Blogs > Frye on the News

Keeping his eye on the news and offering commentaries and insights on what is happening in Oakland County, around the world, on the tube and in the news.

Thursday, October 23, 2008

Lions don't help the No Fun League

I've long loved football, particularly the NFL. However, the league
makes it so hard to be a loyal and dedicated fan.
My love of football started the first time I watched a game as a boy
in Tennessee, completely clueless to the rules but trying to figure
them out. It was a Jets-Bengals game, when Cincinnati was in their
new helmets.
Since then, I've come to Detroit and I've liked watching the Lions. I
rooted for rookie Barry Sanders and became a believer in the optimism
Wayne Fontes tried to bring to the Silverdome.
My first game was the playoff victory against the Cowboys during that
glorious 1991 season. We were about four rows from the top and it was
a joyful experience.
But in moving to Oakland County shortly before the hiring of Matt
Millen and then the arrival of Marty Mornhinweg, I came to enjoy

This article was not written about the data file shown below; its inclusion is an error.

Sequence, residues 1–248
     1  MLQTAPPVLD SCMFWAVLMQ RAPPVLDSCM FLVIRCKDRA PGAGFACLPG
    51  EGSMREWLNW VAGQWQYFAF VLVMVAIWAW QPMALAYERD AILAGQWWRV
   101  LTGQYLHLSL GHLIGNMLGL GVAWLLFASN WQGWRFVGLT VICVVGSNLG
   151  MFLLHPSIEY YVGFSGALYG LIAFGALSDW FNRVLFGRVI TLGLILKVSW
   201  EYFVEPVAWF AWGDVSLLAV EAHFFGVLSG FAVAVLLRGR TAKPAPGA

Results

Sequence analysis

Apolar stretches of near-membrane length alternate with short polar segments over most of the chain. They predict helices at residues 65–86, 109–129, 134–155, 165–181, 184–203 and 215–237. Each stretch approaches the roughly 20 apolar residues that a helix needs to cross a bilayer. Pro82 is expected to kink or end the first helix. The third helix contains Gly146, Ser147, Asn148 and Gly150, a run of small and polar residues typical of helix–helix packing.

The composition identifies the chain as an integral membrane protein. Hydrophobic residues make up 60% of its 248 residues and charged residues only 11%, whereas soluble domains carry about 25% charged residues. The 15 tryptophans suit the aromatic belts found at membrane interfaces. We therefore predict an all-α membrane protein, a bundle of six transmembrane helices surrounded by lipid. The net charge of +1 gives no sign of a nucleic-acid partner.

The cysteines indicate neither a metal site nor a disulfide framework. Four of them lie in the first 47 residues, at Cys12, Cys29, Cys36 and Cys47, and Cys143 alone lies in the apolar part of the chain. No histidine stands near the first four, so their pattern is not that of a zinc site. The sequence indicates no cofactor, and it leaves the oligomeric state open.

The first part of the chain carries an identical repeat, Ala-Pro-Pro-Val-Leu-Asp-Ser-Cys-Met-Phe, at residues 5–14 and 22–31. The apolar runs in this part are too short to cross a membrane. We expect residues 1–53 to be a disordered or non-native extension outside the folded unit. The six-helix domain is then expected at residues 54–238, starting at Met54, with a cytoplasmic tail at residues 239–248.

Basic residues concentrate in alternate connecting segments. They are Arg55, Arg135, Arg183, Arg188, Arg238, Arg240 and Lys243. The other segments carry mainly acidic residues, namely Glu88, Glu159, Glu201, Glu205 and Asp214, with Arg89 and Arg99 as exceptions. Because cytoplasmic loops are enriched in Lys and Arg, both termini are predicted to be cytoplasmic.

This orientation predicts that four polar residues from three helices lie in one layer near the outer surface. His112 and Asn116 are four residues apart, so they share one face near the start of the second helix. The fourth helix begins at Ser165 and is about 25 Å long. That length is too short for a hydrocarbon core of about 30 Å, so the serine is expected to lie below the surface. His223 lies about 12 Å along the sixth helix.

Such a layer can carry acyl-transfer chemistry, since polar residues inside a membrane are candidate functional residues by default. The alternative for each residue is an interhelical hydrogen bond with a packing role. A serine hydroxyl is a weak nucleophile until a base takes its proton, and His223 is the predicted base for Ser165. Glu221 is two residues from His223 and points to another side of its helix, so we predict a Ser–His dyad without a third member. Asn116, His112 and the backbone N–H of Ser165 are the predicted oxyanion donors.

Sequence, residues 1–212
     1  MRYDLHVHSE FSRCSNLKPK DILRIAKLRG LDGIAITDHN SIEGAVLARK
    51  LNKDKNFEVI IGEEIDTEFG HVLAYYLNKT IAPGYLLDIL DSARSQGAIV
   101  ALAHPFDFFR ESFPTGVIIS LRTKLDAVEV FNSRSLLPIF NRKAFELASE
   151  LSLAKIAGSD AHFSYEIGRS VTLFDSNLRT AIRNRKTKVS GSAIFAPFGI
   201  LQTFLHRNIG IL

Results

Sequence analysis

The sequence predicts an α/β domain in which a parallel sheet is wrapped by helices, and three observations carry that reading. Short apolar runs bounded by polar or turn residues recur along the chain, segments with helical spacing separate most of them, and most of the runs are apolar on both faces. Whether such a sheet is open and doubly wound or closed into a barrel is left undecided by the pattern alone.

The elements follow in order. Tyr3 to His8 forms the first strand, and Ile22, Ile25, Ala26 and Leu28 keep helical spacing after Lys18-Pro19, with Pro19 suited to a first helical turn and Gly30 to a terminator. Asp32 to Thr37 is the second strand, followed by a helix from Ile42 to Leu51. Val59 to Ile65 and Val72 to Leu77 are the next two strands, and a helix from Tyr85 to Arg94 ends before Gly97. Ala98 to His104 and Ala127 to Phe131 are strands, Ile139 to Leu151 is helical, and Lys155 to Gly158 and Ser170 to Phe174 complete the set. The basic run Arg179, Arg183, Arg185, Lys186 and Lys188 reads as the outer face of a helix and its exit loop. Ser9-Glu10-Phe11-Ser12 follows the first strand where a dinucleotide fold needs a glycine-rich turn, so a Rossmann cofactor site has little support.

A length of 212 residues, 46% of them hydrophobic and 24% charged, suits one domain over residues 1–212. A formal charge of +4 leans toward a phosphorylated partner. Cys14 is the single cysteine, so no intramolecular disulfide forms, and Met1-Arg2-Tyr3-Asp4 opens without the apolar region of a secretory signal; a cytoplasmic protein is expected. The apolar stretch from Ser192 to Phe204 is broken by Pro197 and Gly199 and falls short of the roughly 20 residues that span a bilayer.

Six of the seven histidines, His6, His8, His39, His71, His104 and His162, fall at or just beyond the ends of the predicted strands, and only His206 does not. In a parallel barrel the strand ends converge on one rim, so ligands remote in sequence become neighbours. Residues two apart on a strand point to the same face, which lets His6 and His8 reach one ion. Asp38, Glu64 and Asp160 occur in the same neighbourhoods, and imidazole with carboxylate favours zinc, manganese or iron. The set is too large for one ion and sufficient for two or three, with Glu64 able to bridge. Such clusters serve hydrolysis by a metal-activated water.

watching the Lions lose, figuring a 10-game losing streak would bring
in new management and an improved product. (That was a fruitless hope.)
Living here, I learned a terrible truth about the NFL. If the Lions
are blacked out, as they will be this weekend, it is against the
rules for the TV network to show another game. So this Sunday, there
will be no football on when the Lions should be shown.
That is a shame, because while I like watching the Lions, I really
just want to watch football. And these TV rules (they're confusing,
but they also prevent the opposing network from showing a game when
the Lions have a home game on TV) make it so easy to hate the NFL.
Going to the games is expensive (tickets, parking, $10 beers, $50
jerseys) so if I can't see the Lions on TV, I'm not rushing out for a
Instead, I'll work on the lawn and leaf removal. Or, if it's raining,
I'll clear out an hour off the DVR and catch up on some of my network
prime time while folding laundry.
I'm surprised that the networks — CBS and Fox, especially — who pony
up hundreds of millions of dollars for the right to show the NFL
would be frustrated. Fans who are unfortunate enough to live near a
team must suffer with less TV coverage.


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